Interest Rates Have Gone Up Again — Here’s How It Will Impact You

The treasurer Jim Chalmers didn’t mince words in his press conference today. This is because the interest rate is increasing by 0.85 percent.

“Australians expected higher interest rates today, but that doesn’t make this news any less difficult for them,” Chalmers said, as per the ABC.

“For an average mortgage of $330,000 remaining, it’s about $87 a month that Australian homeowners will have to find. For an average new mortgage, it’s almost twice that, at about $157 a month.” 

What Does It Mean for Home Owners?

It’s worth noting that some believe that this reality will be even worse for everyday Australians than Chalmers is predicting. News.com.au claims that the average mortgage owner will have to pay an additional $200 per month.

Finding this money might be difficult for some families as fuel costs and food costs are currently higher than usual. 

What Does It Mean for Renters?

This news is also could be bad for renters. As one person on Twitter put it, “The news coverage about the RBA and interest rate hikes are entirely framed around mortgage holders + aspiring homebuyers. Bestie, let me tell you there are millions of renters out there* who are petrified by the prospect of homelessness at their next rent review.” They then went on to type, “*me I am renter.”

This sentiment is also backed up by the experts. In an ABC article, this publication stated that landlords who haven’t paid off their mortgages could increase the price of their rentals every time the interest rate goes up. This is because then their tenants will be taking the financial hit. Impact Economics Lead Economist Angela Jackson told the ABC, “While renters are not directly impacted by rate rises, [it] may lead landlords to increase rents to recoup higher interest costs.”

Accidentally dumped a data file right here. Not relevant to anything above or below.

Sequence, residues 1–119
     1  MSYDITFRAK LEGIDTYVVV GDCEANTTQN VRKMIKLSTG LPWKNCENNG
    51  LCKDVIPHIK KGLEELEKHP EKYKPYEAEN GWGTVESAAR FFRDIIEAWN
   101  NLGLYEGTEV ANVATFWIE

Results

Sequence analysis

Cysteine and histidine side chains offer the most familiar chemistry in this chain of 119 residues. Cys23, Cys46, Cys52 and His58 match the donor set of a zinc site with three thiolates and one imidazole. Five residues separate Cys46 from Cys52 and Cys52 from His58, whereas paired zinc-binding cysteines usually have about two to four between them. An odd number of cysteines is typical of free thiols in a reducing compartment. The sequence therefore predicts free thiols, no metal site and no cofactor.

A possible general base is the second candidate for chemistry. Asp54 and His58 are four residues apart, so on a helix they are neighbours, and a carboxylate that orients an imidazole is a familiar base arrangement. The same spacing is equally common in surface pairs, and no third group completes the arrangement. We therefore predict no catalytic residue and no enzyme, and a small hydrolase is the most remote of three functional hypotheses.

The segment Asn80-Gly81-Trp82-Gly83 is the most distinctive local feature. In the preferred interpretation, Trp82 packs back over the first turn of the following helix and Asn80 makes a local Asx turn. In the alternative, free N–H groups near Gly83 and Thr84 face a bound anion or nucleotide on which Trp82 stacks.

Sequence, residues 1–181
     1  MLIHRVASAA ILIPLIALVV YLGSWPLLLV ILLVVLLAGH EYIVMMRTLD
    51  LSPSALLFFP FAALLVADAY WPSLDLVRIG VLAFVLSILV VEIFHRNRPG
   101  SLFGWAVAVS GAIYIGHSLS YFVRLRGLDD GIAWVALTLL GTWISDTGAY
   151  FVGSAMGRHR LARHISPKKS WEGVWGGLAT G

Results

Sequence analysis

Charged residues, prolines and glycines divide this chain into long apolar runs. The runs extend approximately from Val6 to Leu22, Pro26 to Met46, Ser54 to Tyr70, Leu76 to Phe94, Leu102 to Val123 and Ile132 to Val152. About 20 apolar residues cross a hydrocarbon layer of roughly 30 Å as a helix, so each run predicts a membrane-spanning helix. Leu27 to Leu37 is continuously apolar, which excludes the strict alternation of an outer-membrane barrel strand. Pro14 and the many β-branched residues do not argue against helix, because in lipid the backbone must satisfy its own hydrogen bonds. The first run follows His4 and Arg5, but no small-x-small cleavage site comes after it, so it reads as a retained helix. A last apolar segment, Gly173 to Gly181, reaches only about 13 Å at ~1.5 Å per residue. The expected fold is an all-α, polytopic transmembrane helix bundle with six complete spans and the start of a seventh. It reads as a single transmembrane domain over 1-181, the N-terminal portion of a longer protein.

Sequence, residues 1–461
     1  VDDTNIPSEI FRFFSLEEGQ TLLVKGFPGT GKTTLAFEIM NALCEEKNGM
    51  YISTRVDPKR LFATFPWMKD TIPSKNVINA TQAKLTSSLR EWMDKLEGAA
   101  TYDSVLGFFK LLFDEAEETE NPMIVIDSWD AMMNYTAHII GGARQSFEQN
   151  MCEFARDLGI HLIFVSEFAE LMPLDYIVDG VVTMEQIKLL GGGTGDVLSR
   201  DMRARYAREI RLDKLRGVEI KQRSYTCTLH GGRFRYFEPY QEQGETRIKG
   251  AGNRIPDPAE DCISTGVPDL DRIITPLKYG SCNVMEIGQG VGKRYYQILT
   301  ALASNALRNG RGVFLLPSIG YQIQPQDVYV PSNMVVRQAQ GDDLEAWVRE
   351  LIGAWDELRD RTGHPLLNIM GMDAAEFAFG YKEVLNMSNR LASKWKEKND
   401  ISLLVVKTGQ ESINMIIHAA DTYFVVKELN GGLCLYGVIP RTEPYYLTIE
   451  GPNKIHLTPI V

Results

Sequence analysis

Will the Interest Rate Go Up Again?

Well, the Reserve Bank of Australia’s Philip Lowe said in a statement that things would probably get worse before they get better.

He wrote, “Inflation is expected to increase further, but then decline back towards the 2–3 per cent range next year. Higher prices for electricity and gas and recent increases in petrol prices mean that, in the near term, inflation is likely to be higher than was expected a month ago.”

“A better future awaits,” tweeted Chalmers, “But first we have to navigate together this inflation challenge we inherited, and the rising interest rates that accompany it.”

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